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Take Back the Night educates and inspires action

March 29, 2016

Take Back the Night
Take Back the Night includes a rally followed by a march through campus and downtown Blacksburg.

On Wednesday, March 30, the Blacksburg campus and community will come together to take a stand against gender-based violence. The annual Take Back the Night rally and march is expected to draw about 500 participants.

“The personal stories of Virginia Tech students illustrate that this problem is right here in our community,” said Claire Kelling of Morrow, Ohio, lead coordinator for Take Back the Night. “I got involved in Take Back the Night four years ago because this event allows us to have conversations about gender-based violence. It helps to educate our community on the issue and resources available locally. It also allows our community to show support for survivors.”

A senior pursuing a dual degree in statistics and economics in the College of Science with minors in women’s and gender studies and women’s leadership, Kelling said, “We are surrounded by a culture that perpetuates violence through attitudes, beliefs, and behaviors. Gender-based violence affects everyone. There are many who do not know much about gender-based violence, and this gives them a place to learn.”

Take Back the Night is an international event with the mission of ending sexual, relationship, and domestic violence. Hundreds of events are held in more than 30 countries each year. Take Back the Night began at Virginia Tech in 1990 as an initiative of the Women’s Undergraduate Network. Now called Womanspace+, the group has held the march and rally each year since. Susan Anderson, senior instructor in mathematics and faculty advisor to Womanspace+, credits the students who organize the event for its ongoing success.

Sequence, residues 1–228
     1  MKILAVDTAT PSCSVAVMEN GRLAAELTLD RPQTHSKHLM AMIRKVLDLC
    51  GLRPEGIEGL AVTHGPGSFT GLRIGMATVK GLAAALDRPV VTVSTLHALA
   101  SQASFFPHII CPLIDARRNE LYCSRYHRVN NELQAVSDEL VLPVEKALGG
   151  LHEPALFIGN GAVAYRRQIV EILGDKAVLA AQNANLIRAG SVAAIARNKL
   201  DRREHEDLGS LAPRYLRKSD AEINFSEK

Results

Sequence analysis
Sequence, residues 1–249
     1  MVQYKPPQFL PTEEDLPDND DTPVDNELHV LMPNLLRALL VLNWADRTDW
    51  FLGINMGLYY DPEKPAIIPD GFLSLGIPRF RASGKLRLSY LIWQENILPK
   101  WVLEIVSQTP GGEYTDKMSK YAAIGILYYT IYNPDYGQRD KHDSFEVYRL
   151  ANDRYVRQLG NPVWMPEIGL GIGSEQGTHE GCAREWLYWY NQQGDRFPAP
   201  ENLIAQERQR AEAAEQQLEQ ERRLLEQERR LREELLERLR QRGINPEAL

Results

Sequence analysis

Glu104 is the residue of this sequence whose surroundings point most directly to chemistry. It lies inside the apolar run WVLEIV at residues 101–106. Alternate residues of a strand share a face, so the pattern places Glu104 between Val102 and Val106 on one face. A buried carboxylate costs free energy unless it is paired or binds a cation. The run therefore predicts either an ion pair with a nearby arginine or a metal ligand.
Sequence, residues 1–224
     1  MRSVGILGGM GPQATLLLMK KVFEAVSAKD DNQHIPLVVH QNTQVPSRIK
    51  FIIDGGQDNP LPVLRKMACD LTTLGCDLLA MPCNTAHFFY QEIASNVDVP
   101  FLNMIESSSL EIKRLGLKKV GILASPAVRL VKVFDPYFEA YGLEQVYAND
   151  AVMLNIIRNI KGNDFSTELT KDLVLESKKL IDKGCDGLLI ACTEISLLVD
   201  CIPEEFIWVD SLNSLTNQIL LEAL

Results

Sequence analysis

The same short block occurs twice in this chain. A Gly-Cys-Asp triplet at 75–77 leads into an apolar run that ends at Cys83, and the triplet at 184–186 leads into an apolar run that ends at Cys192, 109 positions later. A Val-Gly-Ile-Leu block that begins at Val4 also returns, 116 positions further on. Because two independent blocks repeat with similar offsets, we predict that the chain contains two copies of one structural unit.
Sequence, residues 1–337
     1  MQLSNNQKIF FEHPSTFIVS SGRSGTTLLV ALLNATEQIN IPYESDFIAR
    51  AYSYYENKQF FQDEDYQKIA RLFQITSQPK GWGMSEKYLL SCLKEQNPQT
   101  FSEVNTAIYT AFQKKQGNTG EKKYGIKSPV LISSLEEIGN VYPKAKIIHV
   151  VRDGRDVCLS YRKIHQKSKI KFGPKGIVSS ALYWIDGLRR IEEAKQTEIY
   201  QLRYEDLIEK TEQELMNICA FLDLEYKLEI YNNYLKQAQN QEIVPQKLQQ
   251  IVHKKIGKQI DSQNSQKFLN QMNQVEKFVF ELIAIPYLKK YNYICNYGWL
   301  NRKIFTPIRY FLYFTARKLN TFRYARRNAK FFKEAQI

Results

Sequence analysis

“Take Back the Night is a grassroots action,” Anderson said. “It needs to be organized by students to keep it fresh and to keep it relevant to students. Also, organizing a Take Back the Night is a tremendous effort. Students gain invaluable logistical skills, networking skills, and other leadership skills through their work on Take Back the Night.”

Take Back the Night includes a rally followed by a march through campus and downtown Blacksburg. The “Actions for Change” portion of the program at the end encourages participants to take simple steps in their daily lives to reduce gender-based violence in the local community. “I think many people want to make change, but they don't know how,” said Kelling. “This gives them the tools to go forward and intentionally make change.”

“I have been to numerous Take Back the Night events on other Virginia campuses, and those events did not have an ‘Actions for Change’ component to the program,” said Anderson. “Participants left better educated on the issues, which is great but not necessarily empowered to enact change or to know how to work on this issue. I believe our Take Back the Night not only raises awareness, but empowers participants to become involved in lessening violence locally.”

The 27th annual Take Back the Night will take place on Henderson Lawn on College Avenue, across from the Lyric Theatre. Pre-rally music starts at 6:30 p.m. with the rally beginning at 7 p.m. Rain location is the auditorium in the Graduate Life Center. Take Back the Night is open to anyone at Virginia Tech and the surrounding community.

“Throughout the years, I have seen so many people come out of their residence halls or out of bars and restaurants to ask questions or even to join us,” said Kelling. “I hope participants will learn about resources available in the community. I hope participants will learn how gender-based violence affects so many people around us and in different ways. I hope participants will learn about the intersectional aspects of gender-based violence. And I hope they learn ways to individually and collectively make positive change on this issue. I strongly believe that together, we can Take Back the Night.”

Written by Sandy Broughton.

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